Software setups for desktop or mobile devices.

Set up endpoint verification

If you enforce a device policy in an access level, you and your users have to set up endpoint verification. You enable endpoint verification in the Admin console. For instructions, see Turn endpoint verification on or off.

Note: If you enforce a Context-Aware device policy before the user can sign in to Endpoint verification, the user may get access denied even if their device meets the enforced Context-Aware policy. This is because syncing the device attributes through Endpoint verification may take a few seconds. To avoid this, be sure to have users sign into Endpoint verification and refresh their browser page before you enforce a Context-Aware device policy.

Review which devices have endpoint verification

  1. Sign in to your Google Admin console.

    Sign in using your administrator account (does not end in

  2. Go to Menu and then Devicesand thenOverview.
  3. Click Endpoints.
  4. Click Add a filter.
  5. Select Management Typeand thenEndpoint Verification.
  6. Click Apply.

Set up mobile devices (Google endpoint management)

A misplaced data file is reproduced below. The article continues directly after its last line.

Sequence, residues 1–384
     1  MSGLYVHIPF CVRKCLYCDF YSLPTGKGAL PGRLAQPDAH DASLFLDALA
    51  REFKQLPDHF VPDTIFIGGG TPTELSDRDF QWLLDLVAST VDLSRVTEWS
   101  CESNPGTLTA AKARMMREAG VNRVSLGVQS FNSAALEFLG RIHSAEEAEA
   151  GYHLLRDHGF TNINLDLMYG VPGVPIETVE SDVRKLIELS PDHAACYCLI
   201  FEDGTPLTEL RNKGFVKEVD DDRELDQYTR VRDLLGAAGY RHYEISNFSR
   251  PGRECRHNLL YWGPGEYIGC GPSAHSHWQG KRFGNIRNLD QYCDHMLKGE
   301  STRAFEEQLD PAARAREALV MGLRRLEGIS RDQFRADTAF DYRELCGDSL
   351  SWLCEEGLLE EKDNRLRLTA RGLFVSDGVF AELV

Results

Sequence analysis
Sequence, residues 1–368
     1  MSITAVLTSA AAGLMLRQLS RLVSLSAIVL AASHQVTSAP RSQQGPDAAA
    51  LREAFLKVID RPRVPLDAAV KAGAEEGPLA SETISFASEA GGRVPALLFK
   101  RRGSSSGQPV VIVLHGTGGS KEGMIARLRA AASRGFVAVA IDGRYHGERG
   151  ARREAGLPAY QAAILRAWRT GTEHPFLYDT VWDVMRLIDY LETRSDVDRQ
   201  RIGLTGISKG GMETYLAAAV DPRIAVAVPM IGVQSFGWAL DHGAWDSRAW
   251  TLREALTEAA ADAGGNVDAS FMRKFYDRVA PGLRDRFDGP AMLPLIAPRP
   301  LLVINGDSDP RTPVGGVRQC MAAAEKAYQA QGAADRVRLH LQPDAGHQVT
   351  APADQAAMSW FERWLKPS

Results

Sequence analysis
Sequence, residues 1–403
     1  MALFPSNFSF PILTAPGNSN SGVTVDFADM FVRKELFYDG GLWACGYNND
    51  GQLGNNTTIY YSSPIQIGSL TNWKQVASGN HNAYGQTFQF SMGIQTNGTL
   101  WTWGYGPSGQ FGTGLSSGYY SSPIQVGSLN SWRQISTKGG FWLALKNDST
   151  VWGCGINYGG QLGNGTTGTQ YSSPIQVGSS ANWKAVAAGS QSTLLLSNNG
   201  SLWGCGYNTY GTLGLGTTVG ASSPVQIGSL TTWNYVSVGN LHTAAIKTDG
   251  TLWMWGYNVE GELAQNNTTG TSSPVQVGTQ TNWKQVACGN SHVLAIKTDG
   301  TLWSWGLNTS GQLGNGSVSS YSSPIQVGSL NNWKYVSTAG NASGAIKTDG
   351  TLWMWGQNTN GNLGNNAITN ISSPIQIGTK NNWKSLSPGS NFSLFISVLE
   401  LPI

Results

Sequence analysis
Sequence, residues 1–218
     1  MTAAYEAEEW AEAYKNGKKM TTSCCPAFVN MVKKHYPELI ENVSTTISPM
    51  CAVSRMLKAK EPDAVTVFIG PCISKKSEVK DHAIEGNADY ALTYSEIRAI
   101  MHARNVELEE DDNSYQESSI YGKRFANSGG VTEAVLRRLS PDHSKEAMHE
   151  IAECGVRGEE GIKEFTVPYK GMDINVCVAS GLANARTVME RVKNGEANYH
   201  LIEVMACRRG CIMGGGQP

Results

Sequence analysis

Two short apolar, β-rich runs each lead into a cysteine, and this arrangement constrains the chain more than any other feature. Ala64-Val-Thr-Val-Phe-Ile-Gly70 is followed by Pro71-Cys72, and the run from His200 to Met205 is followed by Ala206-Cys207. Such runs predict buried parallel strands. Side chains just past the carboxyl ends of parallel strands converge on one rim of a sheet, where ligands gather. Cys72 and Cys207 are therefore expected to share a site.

To enforce access levels for mobile devices, the user of the device must be managed under either basic or advanced mobile management.

Additional steps

Expand all  |  Collapse all

Upload your device inventory of company-owned devices
To enforce a device policy that requires company-owned devices, Google needs a list of serial numbers for your company-owned devices.
For instructions, go to Add devices to your inventory in Add company-owned devices to the inventory.
Note: Devices with Android 12 or later and a work profile are always reported as user-owned, even if you add them to the company-owned inventory. For these devices, if an access level requires that a device is company-owned, the action isn’t taken, and if an access level requires that a device is user-owned, the action is taken. For more information, go to View mobile device details, Learn about device details, and in the Device Information table, scroll down to the Ownership row.